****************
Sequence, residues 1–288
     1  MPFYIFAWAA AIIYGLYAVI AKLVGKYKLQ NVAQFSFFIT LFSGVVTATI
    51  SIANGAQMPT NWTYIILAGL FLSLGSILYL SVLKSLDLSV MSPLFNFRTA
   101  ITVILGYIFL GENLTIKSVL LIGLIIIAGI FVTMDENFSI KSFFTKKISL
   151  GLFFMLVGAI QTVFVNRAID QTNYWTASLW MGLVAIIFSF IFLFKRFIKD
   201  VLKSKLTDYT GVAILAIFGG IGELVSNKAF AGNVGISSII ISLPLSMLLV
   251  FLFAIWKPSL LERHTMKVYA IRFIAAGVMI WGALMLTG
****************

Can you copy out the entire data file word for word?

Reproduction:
Sequence, residues 1–288
     1  MPFYIFAWAA AIIYGLYAVI AKLVGKYKLQ NVAQFSFFIT LFSGVVTATI
    51  SIANGAQMPT NWTYIILAGL FLSLGSILYL SVLKSLDLSV MSPLFNFRTA
   101  ITVILGYIFL GENLTIKSVL LIGLIIIAGI FVTMDENFSI KSFFTKKISL
   151  GLFFMLVGAI QTVFVNRAID QTNYWTASLW MGLVAIIFSF IFLFKRFIKD
   201  VLKSKLTDYT GVAILAIFGG IGELVSNKAF AGNVGISSII ISLPLSMLLV
   251  FLFAIWKPSL LERHTMKVYA IRFIAAGVMI WGALMLTG